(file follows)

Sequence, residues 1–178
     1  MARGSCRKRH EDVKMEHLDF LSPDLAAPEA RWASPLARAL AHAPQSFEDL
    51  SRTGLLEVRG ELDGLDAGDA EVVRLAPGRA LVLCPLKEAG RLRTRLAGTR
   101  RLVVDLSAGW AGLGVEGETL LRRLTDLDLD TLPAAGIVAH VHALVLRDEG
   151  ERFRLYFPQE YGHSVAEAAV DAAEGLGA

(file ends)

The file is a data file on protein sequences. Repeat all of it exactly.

Sequence, residues 1–178
     1  MARGSCRKRH EDVKMEHLDF LSPDLAAPEA RWASPLARAL AHAPQSFEDL
    51  SRTGLLEVRG ELDGLDAGDA EVVRLAPGRA LVLCPLKEAG RLRTRLAGTR
   101  RLVVDLSAGW AGLGVEGETL LRRLTDLDLD TLPAAGIVAH VHALVLRDEG
   151  ERFRLYFPQE YGHSVAEAAV DAAEGLGA